Henrik’s back slammed against a brick wall, the darkness of the narrow alley sheltering their trio from the tourists thronging Tromsø’s streets.
Lars stood at the entrance, making sure no one developed an unhealthy curiosity.
Jakob got right up in Henrik’s face, forearm pressing into the king’s chest. “What happened?”
He shook his head, swallowing thickly, his hunger burning so intensely it was almost a living thing within him. “Wanted her,” he rasped. It hadn’t been a decision. There wasn’t anything rational or conscious about it. From the first moment she’d approached him, he was awash in her appealing scent, like the smoky berries of a vintage wine or the rich bite of an aged, dignified whiskey.
“Wanted her how?”
“I wanted her.” He knocked his head against the brick. Even now, he couldn’t shake the image of the vein’s rhythmic dance along her slender neck or of the luscious dip of her cleavage, both displayed so invitingly by her upswept hair. His fangs throbbed with a want and a need he couldn’t remember feeling in ages. Not to mention the aching hard-on between his legs.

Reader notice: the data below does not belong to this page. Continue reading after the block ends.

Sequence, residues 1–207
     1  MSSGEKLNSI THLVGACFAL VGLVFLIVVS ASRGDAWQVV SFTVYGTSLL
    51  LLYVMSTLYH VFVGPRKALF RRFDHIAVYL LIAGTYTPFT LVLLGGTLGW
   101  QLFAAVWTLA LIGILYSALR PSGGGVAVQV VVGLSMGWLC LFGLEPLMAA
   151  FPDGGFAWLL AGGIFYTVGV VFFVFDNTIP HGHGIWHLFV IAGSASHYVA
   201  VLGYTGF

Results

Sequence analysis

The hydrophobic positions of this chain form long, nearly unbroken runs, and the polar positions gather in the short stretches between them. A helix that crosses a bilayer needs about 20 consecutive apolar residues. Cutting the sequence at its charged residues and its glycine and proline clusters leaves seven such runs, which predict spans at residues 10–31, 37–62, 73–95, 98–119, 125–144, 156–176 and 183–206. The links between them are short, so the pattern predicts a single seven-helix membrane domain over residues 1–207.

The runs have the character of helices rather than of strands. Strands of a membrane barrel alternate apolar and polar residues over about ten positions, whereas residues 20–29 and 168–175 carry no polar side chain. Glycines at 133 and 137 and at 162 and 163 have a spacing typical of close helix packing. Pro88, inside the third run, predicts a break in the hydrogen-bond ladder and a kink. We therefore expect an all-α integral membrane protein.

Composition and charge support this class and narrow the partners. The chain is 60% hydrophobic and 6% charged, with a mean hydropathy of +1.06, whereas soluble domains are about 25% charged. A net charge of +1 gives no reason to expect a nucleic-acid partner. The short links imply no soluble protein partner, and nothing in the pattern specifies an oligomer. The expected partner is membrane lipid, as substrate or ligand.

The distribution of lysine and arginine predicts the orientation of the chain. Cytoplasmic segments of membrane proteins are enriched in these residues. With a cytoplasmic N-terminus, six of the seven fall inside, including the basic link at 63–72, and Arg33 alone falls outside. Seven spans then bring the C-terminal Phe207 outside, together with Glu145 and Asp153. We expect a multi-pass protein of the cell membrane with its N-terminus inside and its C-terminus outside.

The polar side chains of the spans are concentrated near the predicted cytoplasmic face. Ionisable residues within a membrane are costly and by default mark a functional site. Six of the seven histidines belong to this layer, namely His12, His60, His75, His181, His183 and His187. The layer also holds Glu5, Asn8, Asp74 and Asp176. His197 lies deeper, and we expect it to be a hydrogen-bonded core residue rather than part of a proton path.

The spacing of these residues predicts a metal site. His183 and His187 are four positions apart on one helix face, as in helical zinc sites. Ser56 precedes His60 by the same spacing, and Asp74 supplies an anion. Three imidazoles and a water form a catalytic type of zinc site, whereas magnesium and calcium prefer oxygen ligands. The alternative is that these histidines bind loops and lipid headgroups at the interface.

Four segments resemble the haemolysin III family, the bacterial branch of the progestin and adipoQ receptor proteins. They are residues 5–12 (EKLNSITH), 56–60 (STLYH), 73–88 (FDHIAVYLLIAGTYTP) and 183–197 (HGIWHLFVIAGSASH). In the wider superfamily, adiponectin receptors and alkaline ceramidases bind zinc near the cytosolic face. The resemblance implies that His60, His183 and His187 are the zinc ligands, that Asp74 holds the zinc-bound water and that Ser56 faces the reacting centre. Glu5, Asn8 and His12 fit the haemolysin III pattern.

“Straight out no-shit bloodlust?” Something like hope sounded in the warrior’s deep voice.
“Ja.” Henrik heaved a deep breath of cold January air as his imagination unhelpfully replayed how it would’ve gone down. Tearing the gown from her trim body. Holding her curves in his hands. Bearing her up against the wall. Sinking his fangs and his cock in deep until every dark, needy part of him was sated.
“I’ll get her.” Jakob turned away.
The king slammed his hand down on his brother’s shoulder and gripped hard. “Nei.”
“You want her. You need her.”
“I’ll kill her.”
Because he wouldn’t be able to stop.
Once he got a taste, something base and instinctual told him he wouldn’t be able to make himself stop. He’d been so close to the edge of his restraint in the gallery. Only the sound of her voice had pulled him back from the brink.
All he’d wanted was a night out of their mountain citadel, away from the looming promise of death. He thought the jovial atmosphere of the festival would distract him from all that was to come. Instead, it had thrown it right in his face. Christ, he was a catastrophe waiting to happen, already more beast than man. He shook his head again. “I’ll fucking kill her,” he rasped.
Acid washed through his gut. “You willing to risk an innocent woman’s life—or her soul—to see which of us is right? I’m not.” He shuddered, the danger of becoming like his evil enemies one of his greatest fears. “Leave her be. I’ll not have it any other way.”